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I currently have a database that is split into two schemas: data and ref. I have two database roles named Users and Admins. Users need to be able to INSERT, SELECT, UPDATE, and DELETE from the data schema, and need to be able to SELECT from the ref schema. Admins need to be able to INSERT, SELECT, UPDATE, and DELETE from both schemas.

All users and admins interact with the data via stored procedures. Each table has a generated save, select, and delete stored procedure that the application uses (the stored procedure is in the same schema as the object it's hitting).

I previously had the database roles set up to execute against the schemas, but that's not really what I want, because then a user can insert, update, and delete against the ref schema via a stored procedure.

How can I set up security for the Admins and Users database roles to allow users to INSERT, SELECT, UPDATE, and DELETE against the data schema and to only SELECT against the ref schema while allowing the admins to INSERT, SELECT, UPDATE, and DELETE against both schemas?

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There's a similar question at stack overflow. The question was "how can we maintain schema separation and prevent direct table access?" It might not directly answer your question but it will definitely lead you to what you need (Ownership Chaining). Here's the link: stackoverflow.com/questions/2212044/… –  MarlonRibunal May 7 '12 at 18:57
    
Does this help? dba.stackexchange.com/a/6921/630 –  gbn May 8 '12 at 7:10

2 Answers 2

The part that should interest you is the grants. But I figured a "code/picture" is worth a thousand words.

use master
go
create database test1
go
use test1
go
create schema data
go
create schema ref
go
create table data.tbl1(a int);insert data.tbl1 values(1);
go
create table ref.tbl2(a int);insert ref.tbl2 values(2);
go

create proc data.tbl1_select as select * from tbl1
go
create proc data.tbl1_insert(@a int) as insert tbl1 values(@a)
go
create proc data.tbl1_update(@a int) as update tbl1 set a = @a
go
create proc data.tbl1_delete as delete from tbl1
go

create proc ref.tbl2_select as select * from tbl2
go
create proc ref.tbl2_insert(@a int) as insert tbl2 values(@a)
go
create proc ref.tbl2_update(@a int) as update tbl2 set a = @a
go
create proc ref.tbl2_delete as delete from tbl2
go

create role users
go
create role admins
go
grant execute on schema::data to admins
grant execute on schema::ref to admins
grant execute on schema::data to users
grant execute on ref.tbl2_select to users
go

use master
go
create login user1 with password='', default_database=test1, check_expiration=off, check_policy=off
create login user2 with password='', default_database=test1, check_expiration=off, check_policy=off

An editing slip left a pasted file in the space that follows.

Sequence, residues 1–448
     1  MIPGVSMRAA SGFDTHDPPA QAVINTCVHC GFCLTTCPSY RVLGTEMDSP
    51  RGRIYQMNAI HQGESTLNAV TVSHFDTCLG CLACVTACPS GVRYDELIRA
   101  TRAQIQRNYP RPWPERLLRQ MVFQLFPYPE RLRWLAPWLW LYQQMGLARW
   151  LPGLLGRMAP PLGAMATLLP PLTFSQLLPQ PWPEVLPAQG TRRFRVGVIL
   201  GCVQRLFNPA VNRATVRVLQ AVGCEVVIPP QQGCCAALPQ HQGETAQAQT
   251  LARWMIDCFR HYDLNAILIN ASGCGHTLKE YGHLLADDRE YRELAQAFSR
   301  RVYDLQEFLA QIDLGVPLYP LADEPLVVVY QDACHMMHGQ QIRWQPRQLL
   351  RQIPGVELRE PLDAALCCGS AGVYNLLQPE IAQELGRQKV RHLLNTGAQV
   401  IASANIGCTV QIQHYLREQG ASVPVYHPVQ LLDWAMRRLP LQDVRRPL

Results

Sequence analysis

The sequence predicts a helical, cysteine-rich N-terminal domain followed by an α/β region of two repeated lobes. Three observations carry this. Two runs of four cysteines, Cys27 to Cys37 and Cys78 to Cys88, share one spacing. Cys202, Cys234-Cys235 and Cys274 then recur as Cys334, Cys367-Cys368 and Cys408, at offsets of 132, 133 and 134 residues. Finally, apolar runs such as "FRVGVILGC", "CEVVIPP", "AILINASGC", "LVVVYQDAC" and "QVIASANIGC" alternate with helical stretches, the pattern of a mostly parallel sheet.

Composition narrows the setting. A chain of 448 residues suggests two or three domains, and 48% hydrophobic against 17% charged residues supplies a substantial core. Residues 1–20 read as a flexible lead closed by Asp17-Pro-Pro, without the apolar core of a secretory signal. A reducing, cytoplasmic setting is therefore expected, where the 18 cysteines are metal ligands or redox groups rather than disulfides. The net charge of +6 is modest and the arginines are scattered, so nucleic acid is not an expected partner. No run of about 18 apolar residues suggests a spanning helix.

go
use test1
go
create user user1 for login user1;
create user user2 for login user2;
alter role admins add member user1;
alter role users add member user2;
go

setuser 'user1'
go
exec ref.tbl2_update 3
exec ref.tbl2_select
exec data.tbl1_update 3
exec data.tbl1_select
go
setuser -- To go back to your user
go
setuser 'user2'
go
exec ref.tbl2_update 3
exec ref.tbl2_select
exec data.tbl1_update 3
exec data.tbl1_select
select * from ref.tbl2

Here's the result:

The EXECUTE permission was denied on the object 'tbl2_update', database 'test1', schema 'ref'.
The SELECT permission was denied on the object 'tbl2', database 'test1', schema 'ref'.
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Of course, you should never create a login with no password ;) –  PollusB Oct 30 '12 at 20:51

My advice:

  • Set up 3 more schemas in somewhat of a n:1 (in fact 2:1) relationship to the schemas with the tables (i.e.: read_data, read_ref, change_data, change_ref)
  • put the procedures in the new schemas (ins, upd, del to change, sel to read)
  • then a GRANT EXECUTE on the schemas will do it (3 times for users, 4 times for Admins)
share|improve this answer
    
That's pretty clunky and cumbersome, I don't know if I'd recommend that strategy. –  Thomas Stringer May 7 '12 at 17:35
    
definatley can't do this. the application calls the stored procedures by schema.procname. by moving the procs to different schemas we completley break the app, and we're getting ready to do a final push to production. hence why i'm trying to clear up security. –  DForck42 May 7 '12 at 18:13
    
A clean design helps. Otherwise you end up with problems like these. - you could use synonyms ans Execution Context to get around your specific problem with the app. Otherwise you're out of luck and have to Grant each proc separately –  Andreas Wolter May 7 '12 at 19:48
    
separation of duties and objects for those - that is a basic principle and by far not cumbersome if you think bigger than of 5 tables and procs –  Andreas Wolter May 7 '12 at 19:55
    
This answer only compounds the problem. Creating more schemas will simply add to the already burdensome administration of this system. –  Max Vernon Sep 5 '12 at 17:09

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